Anyone who has sampled even a few of the most commonly read Greek texts will have encountered pollution. The pollution of bloodshed is a frequent theme of tragedy: Orestes is driven mad; Oedipus brings plague upon all Thebes. In historical texts we find cities intervening in the internal affairs of others to `drive out the pollution', or making war on account of it. Political orators represent their opponents as polluting demons. Purity is a constant concern in
ritual texts, and any Greek underwent many small purifications in his everyday life. Certain abnormal religious movements of the archaic age made `purification' the path to felicity in the afterlife.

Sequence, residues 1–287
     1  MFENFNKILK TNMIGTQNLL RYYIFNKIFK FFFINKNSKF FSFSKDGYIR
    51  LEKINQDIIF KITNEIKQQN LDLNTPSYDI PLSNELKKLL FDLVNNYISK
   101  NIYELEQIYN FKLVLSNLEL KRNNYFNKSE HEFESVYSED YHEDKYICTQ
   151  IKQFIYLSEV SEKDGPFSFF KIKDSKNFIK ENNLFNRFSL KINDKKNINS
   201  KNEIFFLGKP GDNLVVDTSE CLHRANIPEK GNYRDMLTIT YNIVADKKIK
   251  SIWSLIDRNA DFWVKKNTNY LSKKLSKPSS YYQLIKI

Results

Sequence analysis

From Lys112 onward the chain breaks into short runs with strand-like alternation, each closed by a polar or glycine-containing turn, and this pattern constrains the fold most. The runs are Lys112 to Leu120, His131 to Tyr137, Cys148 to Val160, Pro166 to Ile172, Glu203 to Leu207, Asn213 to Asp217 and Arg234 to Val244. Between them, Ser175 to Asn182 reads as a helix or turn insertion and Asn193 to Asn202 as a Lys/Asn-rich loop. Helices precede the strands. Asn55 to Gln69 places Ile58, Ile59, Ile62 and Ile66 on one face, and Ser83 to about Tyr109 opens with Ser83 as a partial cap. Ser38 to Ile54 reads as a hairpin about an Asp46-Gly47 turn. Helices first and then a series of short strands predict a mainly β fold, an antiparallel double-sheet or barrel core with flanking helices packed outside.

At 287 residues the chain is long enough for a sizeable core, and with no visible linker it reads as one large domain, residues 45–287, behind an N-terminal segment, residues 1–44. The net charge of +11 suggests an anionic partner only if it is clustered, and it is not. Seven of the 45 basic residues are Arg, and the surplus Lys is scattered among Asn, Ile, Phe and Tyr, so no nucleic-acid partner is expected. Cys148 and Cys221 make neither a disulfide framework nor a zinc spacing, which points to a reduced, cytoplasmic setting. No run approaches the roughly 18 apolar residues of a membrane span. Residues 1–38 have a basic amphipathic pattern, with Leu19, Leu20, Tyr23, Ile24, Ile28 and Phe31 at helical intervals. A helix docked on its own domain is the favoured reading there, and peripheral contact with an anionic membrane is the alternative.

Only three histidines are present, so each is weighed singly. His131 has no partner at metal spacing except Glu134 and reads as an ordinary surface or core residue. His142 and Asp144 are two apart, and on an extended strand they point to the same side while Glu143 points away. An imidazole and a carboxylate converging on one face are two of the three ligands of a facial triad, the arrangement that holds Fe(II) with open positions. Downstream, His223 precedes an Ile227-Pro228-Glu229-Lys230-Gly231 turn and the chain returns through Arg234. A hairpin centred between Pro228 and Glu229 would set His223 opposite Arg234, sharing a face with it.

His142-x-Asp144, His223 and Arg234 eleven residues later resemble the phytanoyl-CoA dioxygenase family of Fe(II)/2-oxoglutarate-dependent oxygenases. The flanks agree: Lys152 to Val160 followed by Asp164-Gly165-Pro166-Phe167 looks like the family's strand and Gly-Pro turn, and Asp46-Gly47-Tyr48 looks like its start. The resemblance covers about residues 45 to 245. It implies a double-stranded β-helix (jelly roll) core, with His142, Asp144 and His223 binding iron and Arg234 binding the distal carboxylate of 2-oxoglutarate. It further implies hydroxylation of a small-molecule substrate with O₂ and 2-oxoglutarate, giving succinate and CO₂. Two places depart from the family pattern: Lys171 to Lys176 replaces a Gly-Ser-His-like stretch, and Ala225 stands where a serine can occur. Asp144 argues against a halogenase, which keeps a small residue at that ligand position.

First published in hardback in 1983, Miasma is the first work in English to treat this theme in detail.
`This book is packed with information, most lucidly and judiciously presented, and should be of great interest not only to Classicists (who often know less of this important area than they should), but to anthropologists and sociologists in general (a knowledge of Greek is not required, since everything essential is translated)."
`anyone who seriously wishes to know about Greek ethics and culture will need to refer to this book'
London Review of Books
`[Parker's] substantial and important book has set new standards of perceptiveness and subtlety, quite apart from its sheer learning, in this difficult but rich and revealing field of study.'
Times Literary Supplement